ALBANY, N.Y. (NEWS10) — The New York State Education Department (NYSED) is issuing its own “guide” not guidance for schools this year. A key distinction that this is a roadmap and not mandates or rules. In a letter sent to district superintendents on Tuesday from the New York State Education Department (NYSED), Commissioner Betty A. Rosa said:
“The process of developing guidelines and guidance will be based on the Center for Disease Control (CDC) from the American Academy of Pediatrics.”
With just four weeks until school starts, officials are breathing a small sigh of relief after NYSED announced it would develop guidance for districts. Now, school leaders are waiting on that guidance before making any rules.
“This is necessary, in the light of the continued absence of health-related school opening direction and assistance from the Governor’s Office and the State Department of Health,” Rosa said in the notice. This after the Office of the Governor and Dr. Howard Zucker, Commissioner of the Department of Health (DOH), confirmed there would be no state guidance on reopening schools:
“With the end of the state disaster emergency on June 25, 2021, school districts are reestablished as the controlling entity for schools. Schools and school districts should develop plans to open in-person in the fall as safely as possible, and I recommend following guidance from the CDC and local health departments.”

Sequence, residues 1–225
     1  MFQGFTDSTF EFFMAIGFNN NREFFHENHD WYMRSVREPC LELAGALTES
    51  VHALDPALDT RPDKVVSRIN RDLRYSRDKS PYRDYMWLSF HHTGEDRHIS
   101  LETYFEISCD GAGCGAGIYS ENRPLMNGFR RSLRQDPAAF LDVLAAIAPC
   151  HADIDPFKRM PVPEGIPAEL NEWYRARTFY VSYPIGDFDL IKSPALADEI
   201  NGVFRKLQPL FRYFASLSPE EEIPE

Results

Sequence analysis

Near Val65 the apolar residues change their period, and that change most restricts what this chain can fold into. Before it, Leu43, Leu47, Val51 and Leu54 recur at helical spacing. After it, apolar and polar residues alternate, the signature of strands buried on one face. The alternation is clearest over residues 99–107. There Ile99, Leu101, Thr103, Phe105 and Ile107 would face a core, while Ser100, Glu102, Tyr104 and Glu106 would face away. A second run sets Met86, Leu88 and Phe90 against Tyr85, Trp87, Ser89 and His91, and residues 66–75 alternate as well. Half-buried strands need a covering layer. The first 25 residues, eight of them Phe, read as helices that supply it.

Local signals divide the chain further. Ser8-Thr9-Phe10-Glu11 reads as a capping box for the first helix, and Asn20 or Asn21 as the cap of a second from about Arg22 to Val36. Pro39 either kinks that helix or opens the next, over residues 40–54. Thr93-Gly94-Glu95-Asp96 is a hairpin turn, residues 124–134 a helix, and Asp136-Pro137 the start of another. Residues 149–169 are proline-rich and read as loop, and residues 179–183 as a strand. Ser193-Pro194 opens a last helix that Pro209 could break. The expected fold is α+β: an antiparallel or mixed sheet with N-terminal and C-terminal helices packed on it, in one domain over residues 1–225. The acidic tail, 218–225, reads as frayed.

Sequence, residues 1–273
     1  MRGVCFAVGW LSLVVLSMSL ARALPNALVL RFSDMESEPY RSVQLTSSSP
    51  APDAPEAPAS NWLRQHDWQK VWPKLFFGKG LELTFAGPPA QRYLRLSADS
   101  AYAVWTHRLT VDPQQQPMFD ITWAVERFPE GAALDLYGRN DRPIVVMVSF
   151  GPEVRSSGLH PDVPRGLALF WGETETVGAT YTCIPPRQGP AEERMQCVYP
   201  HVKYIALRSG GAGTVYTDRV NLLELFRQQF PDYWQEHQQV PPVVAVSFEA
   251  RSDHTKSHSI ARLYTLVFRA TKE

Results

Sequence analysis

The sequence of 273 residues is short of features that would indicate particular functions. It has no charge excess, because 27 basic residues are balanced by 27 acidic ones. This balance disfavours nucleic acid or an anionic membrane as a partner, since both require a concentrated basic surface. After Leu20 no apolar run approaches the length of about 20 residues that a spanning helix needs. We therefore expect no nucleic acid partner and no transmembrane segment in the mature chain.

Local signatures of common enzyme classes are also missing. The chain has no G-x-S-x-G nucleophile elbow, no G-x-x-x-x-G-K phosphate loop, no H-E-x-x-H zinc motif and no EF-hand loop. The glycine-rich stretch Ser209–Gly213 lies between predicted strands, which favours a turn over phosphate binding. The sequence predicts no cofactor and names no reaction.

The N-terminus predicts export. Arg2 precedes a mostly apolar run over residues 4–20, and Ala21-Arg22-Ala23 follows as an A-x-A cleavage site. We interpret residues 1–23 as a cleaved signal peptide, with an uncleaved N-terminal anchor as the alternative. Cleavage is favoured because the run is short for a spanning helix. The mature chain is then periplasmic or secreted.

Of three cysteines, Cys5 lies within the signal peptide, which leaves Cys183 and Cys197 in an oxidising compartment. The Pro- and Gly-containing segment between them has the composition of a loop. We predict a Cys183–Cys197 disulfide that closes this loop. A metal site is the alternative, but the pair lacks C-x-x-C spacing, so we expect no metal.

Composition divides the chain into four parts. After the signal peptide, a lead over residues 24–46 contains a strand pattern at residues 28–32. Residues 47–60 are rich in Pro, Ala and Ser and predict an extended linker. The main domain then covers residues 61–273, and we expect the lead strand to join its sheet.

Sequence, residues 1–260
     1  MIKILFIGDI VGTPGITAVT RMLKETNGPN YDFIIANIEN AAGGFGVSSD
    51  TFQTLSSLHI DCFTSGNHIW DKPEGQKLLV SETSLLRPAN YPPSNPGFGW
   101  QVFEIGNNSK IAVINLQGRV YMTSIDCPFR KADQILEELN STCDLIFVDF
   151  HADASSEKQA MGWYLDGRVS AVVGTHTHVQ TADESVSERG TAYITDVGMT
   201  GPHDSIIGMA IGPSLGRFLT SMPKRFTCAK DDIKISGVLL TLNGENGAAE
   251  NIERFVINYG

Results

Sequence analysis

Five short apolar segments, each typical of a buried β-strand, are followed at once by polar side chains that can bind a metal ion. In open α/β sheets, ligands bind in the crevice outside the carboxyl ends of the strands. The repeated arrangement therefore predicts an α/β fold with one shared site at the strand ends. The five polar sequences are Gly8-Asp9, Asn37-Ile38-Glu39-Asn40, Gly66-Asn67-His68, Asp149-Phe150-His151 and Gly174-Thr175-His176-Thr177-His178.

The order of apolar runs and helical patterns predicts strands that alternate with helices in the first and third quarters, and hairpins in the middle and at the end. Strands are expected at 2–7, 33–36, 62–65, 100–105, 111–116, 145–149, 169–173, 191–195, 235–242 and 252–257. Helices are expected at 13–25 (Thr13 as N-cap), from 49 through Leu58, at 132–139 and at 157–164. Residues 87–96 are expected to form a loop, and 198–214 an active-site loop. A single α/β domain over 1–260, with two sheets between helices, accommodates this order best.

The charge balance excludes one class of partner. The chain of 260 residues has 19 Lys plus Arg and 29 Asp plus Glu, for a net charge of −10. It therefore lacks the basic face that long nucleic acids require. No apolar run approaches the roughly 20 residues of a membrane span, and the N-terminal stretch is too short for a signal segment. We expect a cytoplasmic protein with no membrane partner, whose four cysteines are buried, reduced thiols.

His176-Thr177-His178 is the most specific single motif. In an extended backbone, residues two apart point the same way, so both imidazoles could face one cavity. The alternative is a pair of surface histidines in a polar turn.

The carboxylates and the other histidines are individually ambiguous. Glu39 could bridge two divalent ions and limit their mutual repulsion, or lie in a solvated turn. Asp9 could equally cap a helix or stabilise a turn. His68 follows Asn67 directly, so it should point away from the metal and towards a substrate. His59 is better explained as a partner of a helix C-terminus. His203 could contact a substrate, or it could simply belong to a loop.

Rosa says the guidance will address:
- Mask wearing
- Social distancing
- Remote learning
- Tracking community spread
- Potential funding sources to assist schools and districts
NYSED’s overall goals for the 2021-2022 school year are to maximize in-person teaching and learning, be responsive to student needs, and keep students and staff healthy and safe. Still, NYSED has no direct jurisdiction over matters of public health, Rosa says, or oversight authority for schools. She said the department is trying to engage with the appropriate state and federal agencies on the matter.
While the guidelines are not mandates or requirements, they are recommendations meant to support public health in local communities. Ultimately, each school district will have the choice to adopt, change or revise any suggested guidance provided. Until last Wednesday, those school districts had received guidance from DOH and the executive chamber for roughly 16 months.
“The state health department essentially abandoned their obligation,” said Steuben County Manager, Jack Wheeler. “I was personally very glad to hear that the state education department would be releasing guidance.”
In late July, the education department said students will likely be wearing masks when they return to school in the fall. The Centers for Disease Control and Prevention has said all students in K-12 should wear masks in the classroom.
You can read the Commissioner’s entire letter below.